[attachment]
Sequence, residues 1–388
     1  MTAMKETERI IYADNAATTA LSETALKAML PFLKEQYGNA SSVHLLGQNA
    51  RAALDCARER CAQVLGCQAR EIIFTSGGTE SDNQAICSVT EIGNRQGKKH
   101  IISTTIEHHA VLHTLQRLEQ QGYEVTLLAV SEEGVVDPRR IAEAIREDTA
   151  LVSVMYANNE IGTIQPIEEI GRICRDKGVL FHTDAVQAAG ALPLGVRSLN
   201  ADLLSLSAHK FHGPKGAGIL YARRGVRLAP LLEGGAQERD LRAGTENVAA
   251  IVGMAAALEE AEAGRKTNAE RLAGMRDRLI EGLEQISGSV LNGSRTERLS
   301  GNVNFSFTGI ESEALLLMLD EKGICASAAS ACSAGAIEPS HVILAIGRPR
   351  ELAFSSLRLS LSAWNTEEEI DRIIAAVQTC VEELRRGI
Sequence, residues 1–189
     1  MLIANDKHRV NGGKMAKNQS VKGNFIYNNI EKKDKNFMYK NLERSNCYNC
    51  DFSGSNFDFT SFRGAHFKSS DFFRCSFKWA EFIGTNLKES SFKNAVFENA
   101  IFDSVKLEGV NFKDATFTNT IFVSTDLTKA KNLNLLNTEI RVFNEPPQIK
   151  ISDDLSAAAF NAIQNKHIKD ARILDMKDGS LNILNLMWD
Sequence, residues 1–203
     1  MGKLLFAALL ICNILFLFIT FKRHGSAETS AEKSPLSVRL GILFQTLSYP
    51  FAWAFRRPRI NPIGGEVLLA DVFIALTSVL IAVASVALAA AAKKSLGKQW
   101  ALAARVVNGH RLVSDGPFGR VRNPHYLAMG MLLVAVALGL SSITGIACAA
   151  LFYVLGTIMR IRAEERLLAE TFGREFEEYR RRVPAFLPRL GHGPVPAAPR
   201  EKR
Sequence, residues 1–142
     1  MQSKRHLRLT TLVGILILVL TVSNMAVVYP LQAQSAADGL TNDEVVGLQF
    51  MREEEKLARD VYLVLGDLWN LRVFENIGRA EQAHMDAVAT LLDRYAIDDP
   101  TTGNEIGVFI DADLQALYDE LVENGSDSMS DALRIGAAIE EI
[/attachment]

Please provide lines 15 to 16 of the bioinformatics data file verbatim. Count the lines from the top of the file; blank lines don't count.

Sequence, residues 1–203
     1  MGKLLFAALL ICNILFLFIT FKRHGSAETS AEKSPLSVRL GILFQTLSYP